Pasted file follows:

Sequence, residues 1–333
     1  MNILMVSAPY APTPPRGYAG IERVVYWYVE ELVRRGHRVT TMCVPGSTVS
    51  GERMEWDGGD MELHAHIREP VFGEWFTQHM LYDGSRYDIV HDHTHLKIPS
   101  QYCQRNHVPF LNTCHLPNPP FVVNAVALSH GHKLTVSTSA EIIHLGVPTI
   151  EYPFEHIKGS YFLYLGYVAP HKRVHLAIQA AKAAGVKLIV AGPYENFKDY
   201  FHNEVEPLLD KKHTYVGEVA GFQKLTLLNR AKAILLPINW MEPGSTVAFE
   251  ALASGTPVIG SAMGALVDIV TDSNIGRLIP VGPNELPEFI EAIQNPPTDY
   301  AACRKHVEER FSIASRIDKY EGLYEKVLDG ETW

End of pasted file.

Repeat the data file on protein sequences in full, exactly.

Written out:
Sequence, residues 1–333
     1  MNILMVSAPY APTPPRGYAG IERVVYWYVE ELVRRGHRVT TMCVPGSTVS
    51  GERMEWDGGD MELHAHIREP VFGEWFTQHM LYDGSRYDIV HDHTHLKIPS
   101  QYCQRNHVPF LNTCHLPNPP FVVNAVALSH GHKLTVSTSA EIIHLGVPTI
   151  EYPFEHIKGS YFLYLGYVAP HKRVHLAIQA AKAAGVKLIV AGPYENFKDY
   201  FHNEVEPLLD KKHTYVGEVA GFQKLTLLNR AKAILLPINW MEPGSTVAFE
   251  ALASGTPVIG SAMGALVDIV TDSNIGRLIP VGPNELPEFI EAIQNPPTDY
   301  AACRKHVEER FSIASRIDKY EGLYEKVLDG ETW